Historian Gerwarth received the top honour, while the Impact Award went to UCD’s Prof Judith Harford and DCU’s Dr Edoardo Celeste was named Early Career Researcher of the Year.
Prof Robert Gerwarth has received the Irish Research Council (IRC) Researcher of the Year award for 2022.
The annual award recognises IRC-funded researchers who have made significant contributions to innovation or society.
An author of several popular history books, Gerwarth is a professor of modern history at UCD and director of the UCD Centre for War Studies. His area of expertise is 20th-century Europe – with a focus on the history of political violence and armed conflict during the world wars.
His research has seen him examine how the Irish War of Independence and Irish Civil War relate to other examples of extreme violence in Europe in the first half of the 20th century.
Gerwarth said that his first IRC award in 2008, won jointly with Prof John Horne of Trinity College Dublin, helped establish the UCD Centre for War Studies. It also led him to bag a European Research Council Starting Grant in 2009 – a first for a humanities scholar in Ireland.
“The Researcher of the Year Awards provide an important opportunity to recognise the very best of the excellent researchers supported by the IRC and to highlight the tangible impact of public investment in research across all disciplines,” said IRC director Dr Louise Callinan.
Prof Maria Baghramian of UCD and Prof John Atkins of University College Cork were also highly commended in the IRC Researcher of the Year category.
Impact and early-career awards
Meanwhile, Prof Judith Harford of UCD received this year’s Impact Award. This award is given to current or former IRC awardees making a highly significant impact outside of academia.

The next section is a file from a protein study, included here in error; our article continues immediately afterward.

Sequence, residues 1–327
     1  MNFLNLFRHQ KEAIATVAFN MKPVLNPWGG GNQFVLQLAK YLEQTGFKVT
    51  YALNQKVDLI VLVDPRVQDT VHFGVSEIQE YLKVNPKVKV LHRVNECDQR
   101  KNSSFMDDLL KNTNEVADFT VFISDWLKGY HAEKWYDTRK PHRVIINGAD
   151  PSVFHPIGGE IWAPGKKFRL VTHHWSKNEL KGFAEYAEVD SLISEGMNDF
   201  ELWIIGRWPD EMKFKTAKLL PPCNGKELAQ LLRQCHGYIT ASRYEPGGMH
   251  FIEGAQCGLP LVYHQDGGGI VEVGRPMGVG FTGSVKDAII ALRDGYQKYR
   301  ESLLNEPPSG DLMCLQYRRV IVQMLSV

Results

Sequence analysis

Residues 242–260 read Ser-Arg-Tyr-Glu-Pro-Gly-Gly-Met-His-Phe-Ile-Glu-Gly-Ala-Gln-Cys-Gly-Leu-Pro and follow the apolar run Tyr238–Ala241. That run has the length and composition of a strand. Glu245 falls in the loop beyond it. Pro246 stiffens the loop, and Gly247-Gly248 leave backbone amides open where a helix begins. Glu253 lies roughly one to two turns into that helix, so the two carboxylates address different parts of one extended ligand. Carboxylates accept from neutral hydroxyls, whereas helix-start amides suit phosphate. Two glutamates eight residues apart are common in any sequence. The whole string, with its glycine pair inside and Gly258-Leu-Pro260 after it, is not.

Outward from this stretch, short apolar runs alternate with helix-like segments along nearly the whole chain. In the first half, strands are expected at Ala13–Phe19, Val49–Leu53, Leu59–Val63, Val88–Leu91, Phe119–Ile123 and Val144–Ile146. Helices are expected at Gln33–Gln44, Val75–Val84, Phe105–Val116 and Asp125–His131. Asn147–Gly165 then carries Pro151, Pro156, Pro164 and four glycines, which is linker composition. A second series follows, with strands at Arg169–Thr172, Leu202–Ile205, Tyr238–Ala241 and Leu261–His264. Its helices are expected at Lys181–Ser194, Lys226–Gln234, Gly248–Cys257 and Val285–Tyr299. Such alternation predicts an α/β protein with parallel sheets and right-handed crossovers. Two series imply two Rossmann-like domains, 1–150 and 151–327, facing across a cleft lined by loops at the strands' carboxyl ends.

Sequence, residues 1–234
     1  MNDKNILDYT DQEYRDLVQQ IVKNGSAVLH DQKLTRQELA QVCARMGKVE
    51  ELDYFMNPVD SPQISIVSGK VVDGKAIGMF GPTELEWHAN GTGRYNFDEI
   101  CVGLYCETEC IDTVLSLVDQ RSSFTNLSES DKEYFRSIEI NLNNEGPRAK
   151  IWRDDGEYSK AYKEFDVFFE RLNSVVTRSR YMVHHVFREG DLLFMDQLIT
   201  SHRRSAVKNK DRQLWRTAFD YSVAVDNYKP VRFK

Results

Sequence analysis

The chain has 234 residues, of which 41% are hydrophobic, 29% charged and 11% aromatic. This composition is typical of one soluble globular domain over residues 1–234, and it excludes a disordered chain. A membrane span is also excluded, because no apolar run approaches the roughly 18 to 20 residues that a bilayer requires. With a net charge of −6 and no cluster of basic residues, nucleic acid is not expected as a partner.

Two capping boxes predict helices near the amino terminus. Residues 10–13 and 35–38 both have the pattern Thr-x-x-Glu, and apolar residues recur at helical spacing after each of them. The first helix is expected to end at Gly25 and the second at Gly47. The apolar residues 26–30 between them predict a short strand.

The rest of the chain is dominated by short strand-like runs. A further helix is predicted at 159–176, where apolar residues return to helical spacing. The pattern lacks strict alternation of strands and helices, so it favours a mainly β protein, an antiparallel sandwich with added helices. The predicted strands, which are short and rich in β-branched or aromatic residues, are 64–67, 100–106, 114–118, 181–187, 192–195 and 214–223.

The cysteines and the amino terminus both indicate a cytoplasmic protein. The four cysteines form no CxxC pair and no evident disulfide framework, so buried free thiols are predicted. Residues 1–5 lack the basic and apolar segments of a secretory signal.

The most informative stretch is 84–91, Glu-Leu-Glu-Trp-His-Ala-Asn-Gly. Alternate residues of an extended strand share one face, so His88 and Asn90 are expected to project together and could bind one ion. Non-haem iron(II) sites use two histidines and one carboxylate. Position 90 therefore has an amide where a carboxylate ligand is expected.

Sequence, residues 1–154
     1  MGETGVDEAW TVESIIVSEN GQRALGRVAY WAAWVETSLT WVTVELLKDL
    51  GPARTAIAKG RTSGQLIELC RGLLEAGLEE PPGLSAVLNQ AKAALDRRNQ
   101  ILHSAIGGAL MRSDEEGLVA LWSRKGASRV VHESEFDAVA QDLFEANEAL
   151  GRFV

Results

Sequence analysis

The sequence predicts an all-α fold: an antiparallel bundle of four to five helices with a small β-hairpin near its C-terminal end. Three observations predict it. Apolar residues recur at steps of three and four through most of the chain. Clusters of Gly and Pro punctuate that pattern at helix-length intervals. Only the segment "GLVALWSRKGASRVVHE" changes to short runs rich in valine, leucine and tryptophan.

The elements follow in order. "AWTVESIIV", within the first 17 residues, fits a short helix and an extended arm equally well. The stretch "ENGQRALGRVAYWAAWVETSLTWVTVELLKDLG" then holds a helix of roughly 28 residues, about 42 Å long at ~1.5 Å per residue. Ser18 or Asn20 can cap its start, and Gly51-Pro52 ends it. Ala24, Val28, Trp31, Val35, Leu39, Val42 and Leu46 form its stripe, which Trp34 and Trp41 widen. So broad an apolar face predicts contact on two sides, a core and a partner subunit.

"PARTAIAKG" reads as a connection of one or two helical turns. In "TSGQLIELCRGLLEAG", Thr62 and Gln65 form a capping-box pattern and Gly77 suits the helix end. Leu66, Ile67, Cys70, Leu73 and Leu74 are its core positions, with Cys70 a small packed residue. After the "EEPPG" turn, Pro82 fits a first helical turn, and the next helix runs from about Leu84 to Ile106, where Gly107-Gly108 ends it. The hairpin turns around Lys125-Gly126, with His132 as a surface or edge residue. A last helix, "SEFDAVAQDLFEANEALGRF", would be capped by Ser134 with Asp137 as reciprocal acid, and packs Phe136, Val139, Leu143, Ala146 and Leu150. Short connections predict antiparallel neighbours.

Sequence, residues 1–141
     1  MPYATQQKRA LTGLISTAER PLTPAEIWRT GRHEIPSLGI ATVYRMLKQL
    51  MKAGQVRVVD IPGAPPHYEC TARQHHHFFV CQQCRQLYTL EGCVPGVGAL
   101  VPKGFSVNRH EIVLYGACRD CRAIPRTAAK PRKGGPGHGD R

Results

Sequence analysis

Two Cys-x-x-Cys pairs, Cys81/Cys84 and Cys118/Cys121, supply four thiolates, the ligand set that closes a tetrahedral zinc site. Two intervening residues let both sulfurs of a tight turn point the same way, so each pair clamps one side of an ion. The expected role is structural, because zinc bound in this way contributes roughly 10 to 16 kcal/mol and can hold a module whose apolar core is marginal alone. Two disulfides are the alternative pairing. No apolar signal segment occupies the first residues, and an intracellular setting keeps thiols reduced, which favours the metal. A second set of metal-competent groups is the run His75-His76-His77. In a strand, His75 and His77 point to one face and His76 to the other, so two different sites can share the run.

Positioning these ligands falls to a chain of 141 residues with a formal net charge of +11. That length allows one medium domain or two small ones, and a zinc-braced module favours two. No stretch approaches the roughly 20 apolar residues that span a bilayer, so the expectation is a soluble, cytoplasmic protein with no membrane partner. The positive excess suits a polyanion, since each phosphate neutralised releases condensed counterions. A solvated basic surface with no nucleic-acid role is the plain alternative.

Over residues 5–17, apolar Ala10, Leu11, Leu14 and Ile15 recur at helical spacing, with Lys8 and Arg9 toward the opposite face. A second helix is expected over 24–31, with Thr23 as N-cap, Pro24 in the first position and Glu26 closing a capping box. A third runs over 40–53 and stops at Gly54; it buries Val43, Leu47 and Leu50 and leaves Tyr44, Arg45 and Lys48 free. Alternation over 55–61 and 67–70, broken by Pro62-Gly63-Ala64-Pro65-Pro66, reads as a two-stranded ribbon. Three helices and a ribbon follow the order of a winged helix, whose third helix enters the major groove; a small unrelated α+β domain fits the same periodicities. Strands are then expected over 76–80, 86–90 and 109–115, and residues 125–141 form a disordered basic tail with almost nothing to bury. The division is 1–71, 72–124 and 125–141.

A professor of education and deputy head of the School of Education at UCD, Harford’s research focuses on gender, social class and inequalities in education – particularly in the Irish context.
She has applied her research to raise awareness at national level of gender and social class inequalities in education, working with policymakers to achieve greater equity in and through education.
Harford is now leading the Power2Progress project, which is a programme geared towards helping more than 600 senior cycle students across 21 disadvantaged schools nationally. She has also led a study into the participation of girls in STEM subjects in DEIS schools.
The Early Career Researcher of the Year award went to Dr Edoardo Celeste of DCU.
Celeste is assistant professor of law, technology and innovation at DCU, and his research focuses on the emerging field of data law – with a special focus on the impact of the digital revolution on legal systems.
He specialises in the analysis of the rights to privacy and to data protection, and the regulation of mass surveillance and data retention in Europe. One of his projects involved investigating the impact of Covid-19 tracker apps on privacy rights.
“The IRC is very proud to have provided vital support to the work of our awardees at various stages of their research careers,” added Callinan.
“We extend our congratulations to each of our awardees as we acknowledge their significant contributions to the understanding of our shared past, present, and future from a diversity of perspectives.”
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